1 Peter 1:6-9

1-Peter

In this you greatly rejoice, even though now for a little while, if necessary, you have been distressed by various trials, so that the proof of your faith, being more precious than gold which is perishable, even though tested by fire, may be found to result in praise and glory and honor at the revelation of Jesus Christ; and though you have not seen Him, you love Him, and though you do not see Him now, but believe in Him, you greatly rejoice with joy inexpressible and full of glory, obtaining as the outcome of your faith the salvation of your souls. {1Pe 1:6-9 NASB}

In verse 6, the antecedent to “in this” is “the inheritance” in verse 4, or the process of being born again to obtain the inheritance.  The latest noun is “salvation” but it is feminine (“in this” is neuter).  The logic of the sentence follows.  God caused us to be born again, to obtain an inheritance reserved in heaven.  Salvation in v5 is a side thought about the individual person.  Plus, the entire point of mentioning our joy is to raise the contrast between our joy and the “various” trials.

This joy is the word ἀγαλλιάω.  It’s used 31 times in the NT and 2 times in 3 verses here. It always communicates overwhelming joy.

“Your father Abraham rejoiced to see My day, and he saw it and was glad.” {Jhn 8:56 NASB}

Rejoice and be glad, for your reward in heaven is great; for in the same way they persecuted the prophets who were before you. {Mat 5:12 NASB}

The source of the joy –the inheritance reserved in heaven- is separate from the trials themselves.  Peter is teaching that the joy of the Christian is not found in the midst of their circumstances, but rather on the hope they have in Heaven.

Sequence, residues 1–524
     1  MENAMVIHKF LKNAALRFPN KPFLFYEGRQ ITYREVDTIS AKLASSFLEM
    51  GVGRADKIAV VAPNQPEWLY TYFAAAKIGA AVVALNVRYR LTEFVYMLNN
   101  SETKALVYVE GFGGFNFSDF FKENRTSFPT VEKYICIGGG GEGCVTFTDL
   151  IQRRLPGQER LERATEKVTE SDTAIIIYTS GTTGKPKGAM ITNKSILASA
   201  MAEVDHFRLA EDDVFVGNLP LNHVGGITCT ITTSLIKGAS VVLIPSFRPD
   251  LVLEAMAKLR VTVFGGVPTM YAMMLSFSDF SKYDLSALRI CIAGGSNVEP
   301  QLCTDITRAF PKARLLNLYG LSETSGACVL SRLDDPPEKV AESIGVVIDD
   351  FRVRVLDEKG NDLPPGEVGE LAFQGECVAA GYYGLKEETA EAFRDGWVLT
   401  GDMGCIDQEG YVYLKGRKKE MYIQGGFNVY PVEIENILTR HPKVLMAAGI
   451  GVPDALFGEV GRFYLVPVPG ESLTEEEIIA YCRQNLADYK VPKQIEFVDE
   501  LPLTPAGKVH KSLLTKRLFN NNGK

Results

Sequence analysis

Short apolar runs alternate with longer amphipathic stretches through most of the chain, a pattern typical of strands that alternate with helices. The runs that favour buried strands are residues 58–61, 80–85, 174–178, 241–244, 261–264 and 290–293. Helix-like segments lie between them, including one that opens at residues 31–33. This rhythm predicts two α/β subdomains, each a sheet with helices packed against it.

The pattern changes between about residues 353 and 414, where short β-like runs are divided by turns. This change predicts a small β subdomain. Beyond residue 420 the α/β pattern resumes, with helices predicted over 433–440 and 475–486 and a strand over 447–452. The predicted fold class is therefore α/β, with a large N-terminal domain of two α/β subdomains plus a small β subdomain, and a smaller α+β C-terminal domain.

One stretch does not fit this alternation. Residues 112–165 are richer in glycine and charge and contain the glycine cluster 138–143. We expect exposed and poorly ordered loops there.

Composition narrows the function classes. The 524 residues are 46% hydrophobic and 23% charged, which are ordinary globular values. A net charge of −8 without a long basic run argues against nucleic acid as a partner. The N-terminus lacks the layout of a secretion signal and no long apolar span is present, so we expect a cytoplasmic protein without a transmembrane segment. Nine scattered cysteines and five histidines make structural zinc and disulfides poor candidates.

Peter also alludes to the purpose found in suffering itself by saying “if necessary, you have been distressed by various trials”.  Note the linking of the different kind of trials together under a common purpose.  Raising the issue of necessity indicates that suffering becomes a means to an end, and part of a plan in control of someone other than the sufferer.

The Greek for necessary is δεῖ and implies a STRONG obligation. Vines expository dictionary says it “expresses a logical necessity, a moral obligation”  In other words, the elect, the aliens scattered MUST, they are BEHOOVED, the HAVE to suffer various trials.

WHY?

Verse 7 gives us the answer. The reason they must suffer these trials is because it demonstrates their faith is proven and results in its purpose; the praise, glory, and honor at the revelation of Jesus Christ.

We do know that our faith will be tested to see if it can be proven:

“Now if any man builds on the foundation with gold, silver, precious stones, wood, hay, straw, each man’s work will become evident; for the day will show it because it is to be revealed with fire, and the fire itself will test the quality of each man’s work.” {1Co 3:12-13 NASB}

These trials here in 1 Peter act as the figurative fire Paul wrote about in 1 Corinthians. Peter plays on that imagery in comparing the preciousness of their faith to gold, even gold tested by fire.

He makes it clear, the faith of the elect, proven by trials, is more precious than gold tested by fire. So then, the reason for the trials is to test the faith of the elect, so that it may be found to be genuine and true, and may then result in praise, glory, and honor at the revelation of Jesus Christ.

What does Revelation mean? Revelation is the word ἀποκάλυψις and means revealing or manifestation. This echoes the eschatological mindset of Peter from v5.  I believe this must be a reference to the second coming of Christ for two reasons: